In case you didn't get the memo, Ron Paul and Rand Paul sold out to big business years ago.
A month before the Snowden leaks began, Rand Paul proposed legislation to reform the Third Party Doctrine: http://beta.congress.gov/bill/113th/senate-bill/1037/text
The 3PD is the principal that if you share information with a third party, even if that third party promises you confidentiality, and even if that confidentiality is never actually compromised, the 4th Amendment doesn't apply and the Feds can simply demand the information willy nilly. The 3PD totally guts the 4th Amendment -- it is the basis upon which politicians can say that the NSA's masspionage is "legal". Without the 3PD, everything the NSA is doing, at least with respect to people in America, is so unconstitutional a third grader could litigate and win the case against it.
Fortunately, even Justice Sotomayer is questioning the wisdom of this rule in the modern world where everything a person does requires sharing information with third parties -- you cannot navigate the modern economy without such sharing. See the paragraph beginning on PDF page 19 for her thinking on this issue: http://www.supremecourt.gov/opinions/11pdf/10-1259.pdf
Whatever Rand Paul's faults are, he was aware of the eviscerating effect of the Third Party Doctrine and took action to protect the 4th Amendment PRIOR to the leaks. This is not the type of legislation that $megacorp loves and supports. It's a pure civil rights issue. However, I don't think his reforms don't go far enough because the only effect it would have is to exclude illegally obtained information at trial. Considering how the Feds engage in intelligence laundering, it is clear that a mere exclusion is insufficient -- there must be personal and agency penalties for a violation. To be fair to Paul, he didn't have this information when he wrote the legislation, but without personal consequences, it won't be that meaningful.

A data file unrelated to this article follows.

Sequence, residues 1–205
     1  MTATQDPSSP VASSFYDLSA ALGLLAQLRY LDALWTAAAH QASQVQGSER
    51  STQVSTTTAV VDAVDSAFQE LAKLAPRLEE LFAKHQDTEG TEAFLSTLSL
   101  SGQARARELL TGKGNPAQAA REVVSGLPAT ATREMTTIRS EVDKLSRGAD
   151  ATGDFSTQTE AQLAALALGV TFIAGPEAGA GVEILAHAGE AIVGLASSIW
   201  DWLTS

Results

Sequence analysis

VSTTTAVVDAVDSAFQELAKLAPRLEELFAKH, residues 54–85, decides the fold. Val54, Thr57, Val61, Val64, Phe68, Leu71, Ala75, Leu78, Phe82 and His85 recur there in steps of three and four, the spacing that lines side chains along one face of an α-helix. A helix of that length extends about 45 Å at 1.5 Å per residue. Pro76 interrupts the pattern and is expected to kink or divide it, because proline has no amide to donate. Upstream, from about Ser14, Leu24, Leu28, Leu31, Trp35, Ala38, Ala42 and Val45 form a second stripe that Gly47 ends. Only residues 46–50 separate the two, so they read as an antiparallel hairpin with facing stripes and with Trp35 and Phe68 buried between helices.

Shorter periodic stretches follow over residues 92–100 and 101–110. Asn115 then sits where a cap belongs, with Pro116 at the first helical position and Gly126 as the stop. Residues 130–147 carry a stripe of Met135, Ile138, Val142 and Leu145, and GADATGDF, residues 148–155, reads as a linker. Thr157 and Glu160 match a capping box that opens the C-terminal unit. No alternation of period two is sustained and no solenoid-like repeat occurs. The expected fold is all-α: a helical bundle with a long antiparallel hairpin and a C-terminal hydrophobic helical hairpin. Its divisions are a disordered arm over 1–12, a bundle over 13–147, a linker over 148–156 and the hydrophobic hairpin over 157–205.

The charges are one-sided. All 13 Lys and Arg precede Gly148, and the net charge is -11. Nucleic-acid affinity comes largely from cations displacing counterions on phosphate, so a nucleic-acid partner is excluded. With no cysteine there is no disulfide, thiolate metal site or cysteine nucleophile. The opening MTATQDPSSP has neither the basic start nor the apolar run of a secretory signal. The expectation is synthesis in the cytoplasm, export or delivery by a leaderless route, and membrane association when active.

A decent example of such penalties is contained in the WA State statute regarding hidden mic recordings of conversations: See paragraphs 10 & 11: Violating the process for authorizing and recording a conversation surreptitiously, subjects the officers involved to personal prosecution for a class C felony and the agency to substantial fines ($25,000 per occurrence). The Feds need to have a little fear put into their hearts -- they need to ask themselves "If I can't do the time or pay the fine, do I really want to commit this crime?" And make no bones about it, the Federal government, due to its rampant lawlessness (e.g. collateral construction/intelligence laundering), is a criminal organization and needs to be treated as such.
Finally, back to the original point, Rand Paul might be a dick, but if you will step out of your partisan political mindset and consider the possibility that he just might have a good idea, we can get America back. Same goes for the tribal GOP -- both of you, Demoplicans and Republocrats alike, quit being so fricken tribal. The two parties are basically fungible anyway -- latch onto the very few good ideas and push them no matter who makes the proposal.